Prominent Burmese human rights lawyer and pro-democracy activist U Nay Min has died of COVID-19 in the former capital Yangon. He passed on 16 July at the age of 75. Myanmar is facing its largest wave of COVID-19 infections, a major health crisis that has been compounded by anti-government protests across the nation following the 2 February military coup.
Based in Yangon, U Nay Min was one of the leaders behind the student-led anti-government protests known as the 8888 Uprising, which began on 8 August 1988.
Chris Gunness, director of the London-based Myanmar Accountability Project, worked closely with U Nay Min throughout the revolution. He writes of the moment that the revolution began: “U Nay Min was the mastermind of this seminal ‘big bang’ moment, which resonates loudly today as the Civil Disobedience Movement again braves military repression on the streets.” (The Irrawaddy)
U Nay Min also worked as a “ringer,” a source of information for Gunness, who was a BBC journalist in Mynamar at the time. After the uprising, U Nay Min was imprisoned for eight years, much of it in solitary confinement. Folowing his release, he was rearrested and imprisoned for a further eight years.
Gunness writes that he visited U Nay Min in 2013—more than two years after Myanmar began opening up with the release of Ang San Suu Kyi in 2010. U Nay Min was a lay Buddhist, confessing to Gunness that his long prison sentences meant that he must have been a bad person in a previous life.
However, as an exemplar of the Buddhist virtue of seeking to help all beings, U Nay Min devoted much of his life to defending Myanmar’s minorities, in particular the country’s Muslim population. In 2014, U Nay Min was honored by a panel of journalists at the 2014 East-West Center International Media Conference, held in Yangon. The event featured Aung San Suu Kyi as a headline speaker.
Veteran journalist Bertil Lintner, one of the three journalists who honored U Nay Min, felt that the Burmese people who helped get information out to journalists at that time should be remembered. “We would not have been able to do our job without their support,” Lintner said. “U Nay Min was the one who had to suffer the most because of the job he did, therefore we wanted to honor him and the work he did.” (The Irrawaddy)
In 2018, the correspondence of U Nay Min and Chris Gunness, and the events of 1988, were featured in a play in London called Eastern Star, after the codename that U Nay Min used following the breakdown of security in Myanmar when Gunness was forced to flee the country.
U Nay Min was diagnosed with COVID-19 in early July. Despite efforts by Gunness and others to secure him an oxygen tank, he passed away overnight, possibly due to a fault in the oxygen tank’s valve.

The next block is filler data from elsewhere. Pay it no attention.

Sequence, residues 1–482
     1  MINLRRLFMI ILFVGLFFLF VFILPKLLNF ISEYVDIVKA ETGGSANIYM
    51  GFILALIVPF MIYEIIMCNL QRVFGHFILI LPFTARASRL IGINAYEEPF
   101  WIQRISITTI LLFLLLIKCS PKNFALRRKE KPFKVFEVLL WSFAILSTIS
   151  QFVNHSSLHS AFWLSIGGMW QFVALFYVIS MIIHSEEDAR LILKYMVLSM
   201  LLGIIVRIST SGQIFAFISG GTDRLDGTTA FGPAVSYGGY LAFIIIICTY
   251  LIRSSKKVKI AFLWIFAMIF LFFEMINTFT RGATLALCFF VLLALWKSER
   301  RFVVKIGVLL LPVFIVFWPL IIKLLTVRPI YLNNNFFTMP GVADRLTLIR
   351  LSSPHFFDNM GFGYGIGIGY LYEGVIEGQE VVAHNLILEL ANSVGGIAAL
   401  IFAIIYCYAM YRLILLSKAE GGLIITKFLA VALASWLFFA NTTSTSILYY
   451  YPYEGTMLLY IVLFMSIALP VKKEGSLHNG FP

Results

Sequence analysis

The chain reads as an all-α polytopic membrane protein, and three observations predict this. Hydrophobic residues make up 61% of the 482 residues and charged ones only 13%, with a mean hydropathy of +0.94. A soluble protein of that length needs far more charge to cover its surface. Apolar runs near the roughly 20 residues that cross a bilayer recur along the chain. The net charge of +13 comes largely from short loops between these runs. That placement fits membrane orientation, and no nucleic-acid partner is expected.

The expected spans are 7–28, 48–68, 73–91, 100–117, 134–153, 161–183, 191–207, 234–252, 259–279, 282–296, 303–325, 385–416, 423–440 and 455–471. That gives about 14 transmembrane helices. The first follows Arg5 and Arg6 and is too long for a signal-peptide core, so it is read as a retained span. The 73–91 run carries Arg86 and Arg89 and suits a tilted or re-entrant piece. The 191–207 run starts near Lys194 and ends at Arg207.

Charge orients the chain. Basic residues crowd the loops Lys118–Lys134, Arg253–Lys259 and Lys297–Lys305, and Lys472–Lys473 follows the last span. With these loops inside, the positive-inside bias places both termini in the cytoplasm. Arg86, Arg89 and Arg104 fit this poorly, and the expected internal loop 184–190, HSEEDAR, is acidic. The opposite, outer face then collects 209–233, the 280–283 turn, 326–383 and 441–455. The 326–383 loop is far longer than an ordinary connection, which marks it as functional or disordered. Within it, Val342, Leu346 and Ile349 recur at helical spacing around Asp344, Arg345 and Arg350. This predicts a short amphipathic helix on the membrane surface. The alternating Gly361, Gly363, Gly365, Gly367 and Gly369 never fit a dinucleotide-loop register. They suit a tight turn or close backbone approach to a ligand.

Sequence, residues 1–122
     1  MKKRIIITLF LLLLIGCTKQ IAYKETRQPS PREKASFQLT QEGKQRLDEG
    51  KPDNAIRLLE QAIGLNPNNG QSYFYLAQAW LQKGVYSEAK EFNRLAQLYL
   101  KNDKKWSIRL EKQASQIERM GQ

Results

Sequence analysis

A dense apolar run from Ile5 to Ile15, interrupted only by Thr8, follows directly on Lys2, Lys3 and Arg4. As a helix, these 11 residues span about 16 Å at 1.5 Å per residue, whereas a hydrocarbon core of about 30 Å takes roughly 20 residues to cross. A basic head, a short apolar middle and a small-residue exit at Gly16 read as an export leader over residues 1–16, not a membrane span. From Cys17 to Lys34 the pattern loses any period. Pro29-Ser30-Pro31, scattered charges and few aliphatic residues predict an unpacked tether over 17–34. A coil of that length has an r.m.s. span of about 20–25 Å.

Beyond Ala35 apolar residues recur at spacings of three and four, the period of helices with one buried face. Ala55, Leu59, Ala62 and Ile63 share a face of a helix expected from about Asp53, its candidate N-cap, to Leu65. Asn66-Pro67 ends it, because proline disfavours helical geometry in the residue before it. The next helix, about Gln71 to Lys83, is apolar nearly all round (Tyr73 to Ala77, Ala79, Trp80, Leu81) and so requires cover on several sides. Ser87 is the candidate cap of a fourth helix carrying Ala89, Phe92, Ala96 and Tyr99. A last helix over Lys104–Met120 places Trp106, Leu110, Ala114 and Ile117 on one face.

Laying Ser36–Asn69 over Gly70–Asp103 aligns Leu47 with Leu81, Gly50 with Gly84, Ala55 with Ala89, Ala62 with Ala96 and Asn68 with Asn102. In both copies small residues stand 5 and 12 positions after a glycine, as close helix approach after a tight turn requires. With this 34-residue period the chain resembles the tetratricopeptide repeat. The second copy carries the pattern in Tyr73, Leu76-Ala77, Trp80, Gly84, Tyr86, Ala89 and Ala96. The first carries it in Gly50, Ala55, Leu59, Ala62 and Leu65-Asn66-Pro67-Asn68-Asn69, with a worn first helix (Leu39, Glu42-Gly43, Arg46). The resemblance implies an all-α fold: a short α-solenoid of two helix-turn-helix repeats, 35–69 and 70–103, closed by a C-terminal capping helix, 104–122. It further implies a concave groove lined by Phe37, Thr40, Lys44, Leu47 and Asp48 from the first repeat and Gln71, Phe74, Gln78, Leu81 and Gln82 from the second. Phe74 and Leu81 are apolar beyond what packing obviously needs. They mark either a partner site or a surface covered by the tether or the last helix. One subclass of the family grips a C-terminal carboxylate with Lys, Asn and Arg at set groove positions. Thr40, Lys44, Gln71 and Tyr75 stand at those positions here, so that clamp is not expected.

Gunness concludes his eulogy of U Nay Min:
Rest in peace, U Nay Min. Yours was a life of sacrifice, lived for others. May your foresight, courage and commitment never be forgotten, particularly in Myanmar, a country whose fate you shaped and where your legacy lives on in Generation Z.
Eastern Star may have been extinguished, but your light still shines and always will. (The Irrawaddy)
U Nay Min’s passing comes as new deaths overwhelm medical services in Myanmar. The World Health Organization has documented a dramatic surge beginning in early July, reaching a peak of 7,083 new daily cases on 14 July. As of this writing, the total number of confirmed cases of COVID-19 in Myanmar is 234,710 with 5,281 deaths. As of the latest figures in early June, some 3,368,042 vaccine doses have been administered throughout the country of more than 54 million people.
Follwing the military coup in February, many hospitals are empty of pro-democracy medical staff, who have been on strike since military forces fired on ambulances and into hospitals treating wounded protesters. Leading health officials, including some in charge of the nation’s vaccination program, have been detained by the military. As a result, volunteers have stepped in to bring oxygen to the sick and to help remove dead bodies from homes.
Sann Oo, who began working as a volunteer in 2020, said: “We used to send patients to hospitals. We asked patients ‘which hospital do you wanna go to?’ But now it’s different. When we receive incoming calls, we have to ask, ‘Which cemetery?’” (AFP)
The volunteers take on the roles of not only medical staff but also of Buddhist monks, as they offer impromptu Buddhist funeral rites.
Obituary: Unacknowledged Godfather of Myanmar’s Democracy Movement Dies of COVID-19 (The Irrawaddy)
An Unsung ’88 Hero Gets His Due (The Irrawaddy)
Aung San Suu Kyi: Greater Press Freedom Means Greater Responsibility (Archive)
Eastern Star review – heroism and journalism in heart of Burmese revolution (The Guardian)
‘Dead body carrier’: Covid surge overwhelms Myanmar burial volunteers (AFP)
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